WeatherNation Blog

Tale of Two Seasons

Tuesday, March 20th, 2012

Hello and happy Tuesday everyone, hope all is well! It’s a tale of two seasons across the nation today where the eastern half is dealing with record high temperatures and springtime storms, while the west is much colder with snow in the higher elevations.

High Temps Today

Highs From Normal Today

Temps are running at mid June levels east of the Mississippi River Valley. These areas will likely see more record highs again today.

National Precipitation Forecast

The tight temperature gradient setting up through the middle part of the country will also help to squeeze out copious amounts of moisture along with a marginal severe threat.

Heavy Rain Still in the Forecast

According to some of the Mesonet sites, there have been reports of 3″ to 6″ from Oklahoma to Texas and still more to come!

Flash Flooding

Here are the latest flooding headlines from the National Weather Service, read more HERE:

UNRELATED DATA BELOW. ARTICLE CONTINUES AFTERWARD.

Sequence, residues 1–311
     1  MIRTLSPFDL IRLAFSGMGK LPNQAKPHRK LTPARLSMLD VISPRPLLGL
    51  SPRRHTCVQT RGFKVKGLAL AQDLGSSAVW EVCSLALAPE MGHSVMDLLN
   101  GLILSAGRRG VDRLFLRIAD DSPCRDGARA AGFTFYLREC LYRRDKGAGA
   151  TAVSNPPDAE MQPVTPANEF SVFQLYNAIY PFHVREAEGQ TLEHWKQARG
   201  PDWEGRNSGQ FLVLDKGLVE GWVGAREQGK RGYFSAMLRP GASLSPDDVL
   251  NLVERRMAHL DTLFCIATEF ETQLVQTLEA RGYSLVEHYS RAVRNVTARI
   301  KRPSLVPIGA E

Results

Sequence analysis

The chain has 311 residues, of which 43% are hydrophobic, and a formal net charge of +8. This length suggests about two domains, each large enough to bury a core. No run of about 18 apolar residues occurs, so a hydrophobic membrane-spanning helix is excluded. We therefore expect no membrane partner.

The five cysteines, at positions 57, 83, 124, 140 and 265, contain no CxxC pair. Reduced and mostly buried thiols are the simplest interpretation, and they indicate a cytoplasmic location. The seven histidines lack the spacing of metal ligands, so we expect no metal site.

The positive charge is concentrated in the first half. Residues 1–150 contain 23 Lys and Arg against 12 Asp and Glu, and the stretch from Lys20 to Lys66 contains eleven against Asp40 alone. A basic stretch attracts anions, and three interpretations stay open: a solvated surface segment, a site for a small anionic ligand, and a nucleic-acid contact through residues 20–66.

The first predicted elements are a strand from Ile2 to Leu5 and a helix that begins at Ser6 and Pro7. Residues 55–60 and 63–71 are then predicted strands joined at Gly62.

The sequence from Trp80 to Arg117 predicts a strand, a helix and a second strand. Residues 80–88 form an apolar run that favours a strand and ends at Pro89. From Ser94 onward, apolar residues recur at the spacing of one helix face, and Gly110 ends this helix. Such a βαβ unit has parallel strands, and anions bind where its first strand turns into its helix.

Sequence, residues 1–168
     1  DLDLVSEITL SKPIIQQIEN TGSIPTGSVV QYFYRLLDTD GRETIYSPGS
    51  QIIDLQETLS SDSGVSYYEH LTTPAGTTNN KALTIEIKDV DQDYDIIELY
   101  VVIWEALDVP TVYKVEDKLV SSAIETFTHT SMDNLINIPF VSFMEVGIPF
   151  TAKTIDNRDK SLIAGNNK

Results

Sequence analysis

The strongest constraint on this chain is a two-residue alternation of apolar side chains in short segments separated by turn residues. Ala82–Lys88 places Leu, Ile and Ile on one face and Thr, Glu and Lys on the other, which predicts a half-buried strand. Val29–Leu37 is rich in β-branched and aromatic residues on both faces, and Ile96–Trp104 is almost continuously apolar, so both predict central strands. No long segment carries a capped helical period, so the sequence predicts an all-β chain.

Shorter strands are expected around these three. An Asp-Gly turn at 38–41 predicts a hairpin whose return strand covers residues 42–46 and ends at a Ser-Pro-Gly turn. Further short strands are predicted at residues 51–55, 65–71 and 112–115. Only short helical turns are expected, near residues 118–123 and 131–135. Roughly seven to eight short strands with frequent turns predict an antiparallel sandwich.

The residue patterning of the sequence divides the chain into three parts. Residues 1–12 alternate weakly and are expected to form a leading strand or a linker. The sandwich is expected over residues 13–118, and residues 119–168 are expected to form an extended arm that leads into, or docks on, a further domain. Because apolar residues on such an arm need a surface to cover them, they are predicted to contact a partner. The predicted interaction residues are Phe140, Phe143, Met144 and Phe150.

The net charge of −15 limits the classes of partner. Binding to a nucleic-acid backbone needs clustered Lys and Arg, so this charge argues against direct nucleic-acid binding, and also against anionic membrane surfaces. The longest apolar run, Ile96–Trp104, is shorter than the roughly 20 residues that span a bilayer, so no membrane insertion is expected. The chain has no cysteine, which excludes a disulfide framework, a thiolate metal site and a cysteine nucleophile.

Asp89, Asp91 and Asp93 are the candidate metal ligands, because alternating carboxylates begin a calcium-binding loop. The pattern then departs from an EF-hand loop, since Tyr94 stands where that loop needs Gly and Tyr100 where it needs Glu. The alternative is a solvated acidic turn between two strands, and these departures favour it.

5 Day Precipitation Forecast

The 5 day HPC QPF forecast is still showing an additional 3″ to 6″ (Isolated 7″+) in the middle part of the country… We could literally go from drought to deluge! Also note the Northwest, where several inches of precipitation could fall through AM Sunday. Some of this will fall in the form of snow in the Cascades. 12″+ of snow will be possible there through the end of the week!

Winter Storm in the Northwest

USDA revamps plant hardiness map

For the first time since 1990, the USDA has revamped the zones in its Plant Hardiness Map. While this is big news for America’s 80 million gardeners, it’s also important for farmers. USDA’s Risk Management Agency uses the zone designations to set some crop insurance standards, and scientists use the plant hardiness zones as a data layer in many research models such as modeling the spread of exotic weeds and insects.

See the full story HERE from

See the interactive zone map HERE:

Frosty Start at Kitt Peak

This is a nice looking shot from Kitt Peak in Arizona

See the webcam HERE:

Have a great rest of you week

-Meteorologist Todd Nelson-

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